Brandon Weeden takes a step back

It was particularly hard watching the Browns today. Brandon Weeden came out and didn’t even look like “bad” Weeden – he looked more like a bad Brady Quinn. His accuracy was nonexistent. As the game went on he started playing a little better, but he had already dug a hole for himself, and the defense was having trouble containing Aaron Rodgers and Eddie Lacy. Meanwhile, the receivers started dropping passes.

Weeden needs to make progress, for this week he regressed instead. It’s going to be a really long season if he keeps this up, though at some point Chud will lose patience and he’ll have to go to Campbell. There are two tough games with KC and Baltimore before the bye week, and Weeden needs to regroup and find a way to regroup and win at least one of them. If he can’t rebound soon I think the coaches may give up.

As for the rest of the game, here are some observations:

– In the old NFL, the Tashaun Gipson hit on Jermichael Finley would have been called a fumble as opposed to a ridiculous penalty. The NFL needs to think about these rules and whether the ref in the booth can overturn a penalty like this. Gibson hit with his shoulder and actually tried to avoid a helmet hit.

– It was nice to see Travis Benjamin return that kickoff, but I was disappointed the coaching staff didn’t have any set plays for him. Every game the Browns should have several plays like reverses and bubble screens set up for Benjamin. He’s a real weapon – use him!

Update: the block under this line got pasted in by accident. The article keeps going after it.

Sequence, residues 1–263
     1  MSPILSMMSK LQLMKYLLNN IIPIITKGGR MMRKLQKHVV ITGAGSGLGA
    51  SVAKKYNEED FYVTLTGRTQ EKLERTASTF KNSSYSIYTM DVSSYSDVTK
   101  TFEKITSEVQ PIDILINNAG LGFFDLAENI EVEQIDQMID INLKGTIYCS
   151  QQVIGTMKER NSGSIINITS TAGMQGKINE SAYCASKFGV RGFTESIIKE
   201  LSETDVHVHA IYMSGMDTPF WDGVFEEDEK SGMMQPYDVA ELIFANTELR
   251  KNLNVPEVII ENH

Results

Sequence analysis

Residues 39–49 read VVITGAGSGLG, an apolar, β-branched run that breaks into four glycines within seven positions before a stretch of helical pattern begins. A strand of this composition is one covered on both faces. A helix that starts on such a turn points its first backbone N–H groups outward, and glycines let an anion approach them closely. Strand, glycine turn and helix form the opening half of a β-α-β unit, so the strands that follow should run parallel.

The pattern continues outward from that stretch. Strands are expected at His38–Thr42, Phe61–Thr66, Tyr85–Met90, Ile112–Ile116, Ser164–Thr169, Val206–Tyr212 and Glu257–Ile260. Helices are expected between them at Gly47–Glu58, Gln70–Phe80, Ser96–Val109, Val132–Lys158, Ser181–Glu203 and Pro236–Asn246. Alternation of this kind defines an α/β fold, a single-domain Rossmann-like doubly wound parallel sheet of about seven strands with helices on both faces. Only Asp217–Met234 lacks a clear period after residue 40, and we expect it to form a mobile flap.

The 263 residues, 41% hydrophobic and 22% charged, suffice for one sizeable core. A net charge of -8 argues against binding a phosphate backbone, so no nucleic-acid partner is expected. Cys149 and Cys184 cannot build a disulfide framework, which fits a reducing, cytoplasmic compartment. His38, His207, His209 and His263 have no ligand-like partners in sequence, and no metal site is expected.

– Josh Gordon seemed a little out of it today. I guess everyone is entitled to a sub par game every once in a while.

– I can’t blame Chud for going for it on 4th and 15. The field goal wasn’t easy from that distance on that side of the field. He rolled the dice and it just didn’t work out.

– The Packers seemed to be holding on every play. The refs only seemed to call it when it was so blatant people in the cheap seats could see it.

This season has been a roller coaster, and now we’ll see if we can get out of this valley, either with Weeden or without him.

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Browns draft stumps impatient media and fans

When a team loses consistently for years, it’s hard for fans and members of the media to be rational about anything. Everyone wants instant gratification, and any attempt to take the long view about a team’s roster is met with emotional outbursts about how people are tired of waiting for a winner.

I was waiting for this draft before making any kind of judgement about the new Browns regime. Like most I’m tired of the revolving door in Berea, and I wasn’t thrilled with some early comments from Joe Banner and his team that suggested they might blow up the roster, particularly at quarterback.

With that said, I’m very happy now that the draft and the first phase of free agency are completed. The biggest plus has to do with what the Browns didn’t do. Banner always said he would listen to his coaches regarding personnel and needs, and it’s clear that both Chud and Norv Turner told Banner and Lombardi that they thought they could work with Brandon Weeden. So, the Browns resisted any impulse to reach for a quarterback, and all the rumors about Geno Smith going to Cleveland turned out to be BS. That alone makes this draft a success.

I love the Barkevious Mingo pick. The Browns are obsessed with developing a pass rush, and Mingo will be another impact tool for defensive coordinator Ray Horton.

Here’s Mel Kiper’s take on the Browns draft: